Very simply, a Digital Maturity Model does not tell you where to invest or where to take action. Your maturity may be low in an area, but is that a good sign or a bad sign? The decision to temporarily ignore that particular area could have been a conscious one. The lower maturity in that area may be part of your strategy since that area has less relevance in your business setting. Or your maturity might be high in a specific area. Should you then continue to invest as to create a source of differentiation or is that a waste? Those questions cannot be answered through Digital Maturity Models. They tend to create confusion where they should be creating clarity.
2. They cannot replace strategy.
Digital Maturity can therefore not replace strategy. Strategy is about making choices, which may be tough sometimes. Where do you want to strategically invest your resources? What are you differentiating with? What are the unique core capabilities that you may want to leverage in totally new ways?
A business has always and by definition limited resources. Strategy is about understanding where to invest and which resources to leverage to get the most results. Digital Maturity Models have therefore no real value in a strategic context. But what could they then be useful for?
While the general shift of focus from Digital Transformation towards Digital Maturity makes sense, the comparison against other firms has limited value. You have to measure progress against your strategy, not against a sample of other players within in the same industry.
3. Increasing maturity does not necessarily improve business value.
What the makers of Digital Maturity Models like to tell us is that there is increased value with increased maturity. This is however simply wrong. The value delivered does not necessarily increase with increased maturity. Let’s take three examples:
- If you increase maturity in an area that is irrelevant or less relevant in your business, no value is created.
- If you increase maturity in non-core areas – and by far most of the activities a business pursues are “non-core” – no or limited value is created.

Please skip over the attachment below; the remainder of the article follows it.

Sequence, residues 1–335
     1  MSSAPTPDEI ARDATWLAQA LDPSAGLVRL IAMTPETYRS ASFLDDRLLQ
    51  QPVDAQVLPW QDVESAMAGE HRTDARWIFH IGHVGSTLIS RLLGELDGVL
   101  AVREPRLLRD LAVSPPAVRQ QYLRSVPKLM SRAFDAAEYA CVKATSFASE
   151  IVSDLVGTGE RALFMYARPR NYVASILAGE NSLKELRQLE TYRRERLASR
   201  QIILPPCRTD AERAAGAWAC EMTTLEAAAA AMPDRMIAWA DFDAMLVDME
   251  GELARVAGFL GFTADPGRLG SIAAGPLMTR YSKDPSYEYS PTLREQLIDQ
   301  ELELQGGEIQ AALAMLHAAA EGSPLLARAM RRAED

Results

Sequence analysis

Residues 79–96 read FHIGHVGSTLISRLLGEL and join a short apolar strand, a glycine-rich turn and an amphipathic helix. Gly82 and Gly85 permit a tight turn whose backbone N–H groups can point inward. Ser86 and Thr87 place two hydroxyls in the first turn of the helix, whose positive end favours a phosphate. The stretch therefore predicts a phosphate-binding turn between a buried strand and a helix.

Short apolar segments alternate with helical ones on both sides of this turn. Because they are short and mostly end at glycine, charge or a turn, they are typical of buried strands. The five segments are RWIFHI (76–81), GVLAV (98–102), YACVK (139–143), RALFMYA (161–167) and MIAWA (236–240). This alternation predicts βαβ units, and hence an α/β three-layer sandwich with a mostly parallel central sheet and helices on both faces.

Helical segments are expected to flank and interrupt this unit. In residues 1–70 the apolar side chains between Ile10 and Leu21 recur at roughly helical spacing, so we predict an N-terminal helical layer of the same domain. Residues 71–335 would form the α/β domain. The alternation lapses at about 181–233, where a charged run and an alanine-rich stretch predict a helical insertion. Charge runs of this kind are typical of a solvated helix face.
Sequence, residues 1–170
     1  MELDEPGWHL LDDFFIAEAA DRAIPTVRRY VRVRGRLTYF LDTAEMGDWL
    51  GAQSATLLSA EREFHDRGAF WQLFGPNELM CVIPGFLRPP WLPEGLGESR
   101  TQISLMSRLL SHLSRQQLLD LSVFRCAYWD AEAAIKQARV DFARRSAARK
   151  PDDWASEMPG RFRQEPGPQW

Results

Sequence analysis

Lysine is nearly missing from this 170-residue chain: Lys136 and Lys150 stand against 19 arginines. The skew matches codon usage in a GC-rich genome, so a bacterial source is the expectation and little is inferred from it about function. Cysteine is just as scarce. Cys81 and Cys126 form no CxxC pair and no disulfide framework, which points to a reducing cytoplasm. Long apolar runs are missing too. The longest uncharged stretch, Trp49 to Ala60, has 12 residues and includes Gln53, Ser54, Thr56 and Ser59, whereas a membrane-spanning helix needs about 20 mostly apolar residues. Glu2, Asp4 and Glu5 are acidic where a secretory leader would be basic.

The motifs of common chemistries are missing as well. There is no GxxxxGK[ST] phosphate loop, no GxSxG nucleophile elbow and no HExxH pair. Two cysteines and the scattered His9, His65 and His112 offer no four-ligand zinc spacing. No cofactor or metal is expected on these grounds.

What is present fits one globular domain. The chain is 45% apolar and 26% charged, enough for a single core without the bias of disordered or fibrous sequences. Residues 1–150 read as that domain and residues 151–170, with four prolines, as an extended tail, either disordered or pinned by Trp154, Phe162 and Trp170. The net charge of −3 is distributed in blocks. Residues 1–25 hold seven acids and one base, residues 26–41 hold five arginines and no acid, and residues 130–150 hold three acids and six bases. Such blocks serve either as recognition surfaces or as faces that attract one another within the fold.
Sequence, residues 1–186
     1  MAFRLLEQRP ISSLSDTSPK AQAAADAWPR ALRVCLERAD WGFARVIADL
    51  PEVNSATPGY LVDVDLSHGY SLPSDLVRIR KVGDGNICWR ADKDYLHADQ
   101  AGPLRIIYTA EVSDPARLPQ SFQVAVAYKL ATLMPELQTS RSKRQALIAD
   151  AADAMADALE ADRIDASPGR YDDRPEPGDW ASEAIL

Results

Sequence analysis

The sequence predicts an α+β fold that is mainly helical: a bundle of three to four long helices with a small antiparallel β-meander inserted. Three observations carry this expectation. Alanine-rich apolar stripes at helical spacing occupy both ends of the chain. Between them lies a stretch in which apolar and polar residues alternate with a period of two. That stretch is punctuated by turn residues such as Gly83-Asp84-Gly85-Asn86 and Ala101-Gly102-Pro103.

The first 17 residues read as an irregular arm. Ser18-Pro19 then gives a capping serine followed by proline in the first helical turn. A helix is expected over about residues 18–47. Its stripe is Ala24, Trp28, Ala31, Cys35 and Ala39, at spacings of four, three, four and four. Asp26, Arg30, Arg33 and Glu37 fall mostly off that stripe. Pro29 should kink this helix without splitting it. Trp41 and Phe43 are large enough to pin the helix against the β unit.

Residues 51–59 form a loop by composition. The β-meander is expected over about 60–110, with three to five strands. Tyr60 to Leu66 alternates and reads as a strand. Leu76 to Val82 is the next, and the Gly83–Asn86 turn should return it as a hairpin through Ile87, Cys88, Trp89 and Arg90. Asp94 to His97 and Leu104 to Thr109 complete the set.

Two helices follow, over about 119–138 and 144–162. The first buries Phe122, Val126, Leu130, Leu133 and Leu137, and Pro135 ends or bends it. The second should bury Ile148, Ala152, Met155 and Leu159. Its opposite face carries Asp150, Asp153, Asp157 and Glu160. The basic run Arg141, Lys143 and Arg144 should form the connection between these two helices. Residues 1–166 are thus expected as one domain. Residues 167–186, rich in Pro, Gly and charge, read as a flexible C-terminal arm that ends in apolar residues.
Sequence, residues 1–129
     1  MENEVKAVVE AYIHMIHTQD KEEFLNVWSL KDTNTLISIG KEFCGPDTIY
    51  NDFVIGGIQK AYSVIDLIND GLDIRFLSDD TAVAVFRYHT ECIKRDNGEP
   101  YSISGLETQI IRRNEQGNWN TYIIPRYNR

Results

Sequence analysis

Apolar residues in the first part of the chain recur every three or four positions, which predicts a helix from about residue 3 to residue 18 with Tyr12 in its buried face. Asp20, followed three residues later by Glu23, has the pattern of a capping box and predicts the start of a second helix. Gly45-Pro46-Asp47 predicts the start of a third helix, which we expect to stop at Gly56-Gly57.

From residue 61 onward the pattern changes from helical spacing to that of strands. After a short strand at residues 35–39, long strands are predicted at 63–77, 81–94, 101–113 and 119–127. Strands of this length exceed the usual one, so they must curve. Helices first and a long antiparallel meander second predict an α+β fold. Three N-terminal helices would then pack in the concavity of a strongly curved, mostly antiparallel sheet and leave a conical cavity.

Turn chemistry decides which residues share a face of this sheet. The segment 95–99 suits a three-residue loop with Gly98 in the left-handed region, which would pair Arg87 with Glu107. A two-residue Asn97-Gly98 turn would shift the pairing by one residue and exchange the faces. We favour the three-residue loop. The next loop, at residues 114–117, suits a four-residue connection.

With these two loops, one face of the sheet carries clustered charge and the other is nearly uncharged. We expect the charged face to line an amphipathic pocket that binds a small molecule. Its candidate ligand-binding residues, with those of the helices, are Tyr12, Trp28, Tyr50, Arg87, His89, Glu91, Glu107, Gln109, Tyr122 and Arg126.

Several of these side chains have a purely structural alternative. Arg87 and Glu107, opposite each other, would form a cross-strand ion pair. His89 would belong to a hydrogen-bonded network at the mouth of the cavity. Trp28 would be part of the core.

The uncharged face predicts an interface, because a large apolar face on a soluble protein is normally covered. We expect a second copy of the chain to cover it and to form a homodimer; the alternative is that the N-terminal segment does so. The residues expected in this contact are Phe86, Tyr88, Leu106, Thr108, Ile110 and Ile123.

- The classical maturity ladder is (1) initial – (2) repeatable – (3) defined – (4) managed – (5) optimized. To get from (1) initial (which is undefined) to level (2) repeatable or (3) defined, you have to undertake an awful lot of documentation. This documentation creates in many cases very limited value at high costs.
These three examples demonstrate that business results can partially get worse with increased maturity – not better. This is counterintuitive since the Maturity Model presents this progress as an “improvement”.
Once more, this means that a business leader will have to make careful choices of whether or not to conduct a Digital Maturity Analysis and how to interpret it. The ice can be quite thin.
4. Comparing against the competition is like driving with a back-mirror.
Last but not least, digital maturity compares a firm against its competition. This is like driving with the back-mirror. You get your orientation from what is behind you – not what is laying ahead. This is dangerous. Do you believe the industry leader is strategizing based on digital maturity? Do you believe Amazon (as an example) is conducting a digital maturity analysis? In short, the answer is no. Digital Maturity Models tend to tell you where you need to catch up (which is a poor strategy to start with). But they never tell you, where you should truly be going to win the market.
While Digital Maturity Models can add value to your understanding of relative strength, it cannot tell you where you should be going. Digital Maturity, therefore, represents a tool of competitive monitoring but has limited use as a tool in strategy and business performance optimization. While the general finding of Deloitte is correct to state that increased digital maturity leads to increased results, it is wrong to argue, to therefore follow the competition by increasing the maturity in ‘n’ dimensions.
Rather, it takes thorough analysis and true digital innovation and transformation strategy to understand where the levers are, to define a strategic direction and roadmap that will guide a firm into the future.
- Digital transformation starts and ends with the customer experience. Without a persistent customer focus, companies can lose their way through digital transformation and start substituting customer gains with internal metrics.
- As much as 90% of digital transformation initiatives do not achieve their goals. The major reason is that business leaders start their transformation journey without knowing where their companies stand in terms of digital and without knowing where to add value.
- Digital Maturity is a concept that helps organizations to evaluate their existing digital capabilities. More digitally mature organizations can achieve significantly better bottom-line results from digital transformation.
- Tools like Deloitte Digital Maturity Model (DMM) and BCG Digital Acceleration Index (DAI) can help determine the digital maturity level of your organization. As a result, you may better understand where you stand today when compared to the competition. But that confidence may be misplaced and can lead to a lot of confusion if you don’t have a sound digital strategy in place.
- Digital Maturity is not the same as Digital Transformation Strategy. No digital maturity model or tools can tell you where to invest, how to read customer trends, how to create value, and how to allocate resources. You need a strategy to make the tough choices.
If you are interested, this is what we do here at Digital Leadership: we help organizations develop their own digital innovation and transformation strategy and help you make the tough but decisive choices.
Questions? Comments? Be our guest!